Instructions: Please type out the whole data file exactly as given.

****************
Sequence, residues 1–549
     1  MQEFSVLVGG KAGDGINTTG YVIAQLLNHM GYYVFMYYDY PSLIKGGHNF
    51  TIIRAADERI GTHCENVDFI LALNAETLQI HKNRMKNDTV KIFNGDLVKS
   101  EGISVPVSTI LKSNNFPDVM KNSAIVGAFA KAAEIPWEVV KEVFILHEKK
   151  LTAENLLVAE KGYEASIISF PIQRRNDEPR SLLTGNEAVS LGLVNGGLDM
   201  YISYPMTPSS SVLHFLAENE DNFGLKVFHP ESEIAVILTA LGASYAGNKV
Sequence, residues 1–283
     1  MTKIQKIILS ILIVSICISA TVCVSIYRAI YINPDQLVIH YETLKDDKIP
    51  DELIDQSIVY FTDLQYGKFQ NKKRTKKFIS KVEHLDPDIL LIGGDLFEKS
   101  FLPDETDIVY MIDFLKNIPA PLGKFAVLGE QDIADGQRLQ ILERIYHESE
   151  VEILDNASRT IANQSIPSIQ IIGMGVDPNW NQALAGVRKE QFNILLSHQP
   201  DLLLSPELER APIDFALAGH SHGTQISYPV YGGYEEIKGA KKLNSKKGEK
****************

Sequence, residues 1–549
     1  MQEFSVLVGG KAGDGINTTG YVIAQLLNHM GYYVFMYYDY PSLIKGGHNF
    51  TIIRAADERI GTHCENVDFI LALNAETLQI HKNRMKNDTV KIFNGDLVKS
   101  EGISVPVSTI LKSNNFPDVM KNSAIVGAFA KAAEIPWEVV KEVFILHEKK
   151  LTAENLLVAE KGYEASIISF PIQRRNDEPR SLLTGNEAVS LGLVNGGLDM
   201  YISYPMTPSS SVLHFLAENE DNFGLKVFHP ESEIAVILTA LGASYAGNKV
Sequence, residues 1–283
     1  MTKIQKIILS ILIVSICISA TVCVSIYRAI YINPDQLVIH YETLKDDKIP
    51  DELIDQSIVY FTDLQYGKFQ NKKRTKKFIS KVEHLDPDIL LIGGDLFEKS
   101  FLPDETDIVY MIDFLKNIPA PLGKFAVLGE QDIADGQRLQ ILERIYHESE
   151  VEILDNASRT IANQSIPSIQ IIGMGVDPNW NQALAGVRKE QFNILLSHQP
   201  DLLLSPELER APIDFALAGH SHGTQISYPV YGGYEEIKGA KKLNSKKGEK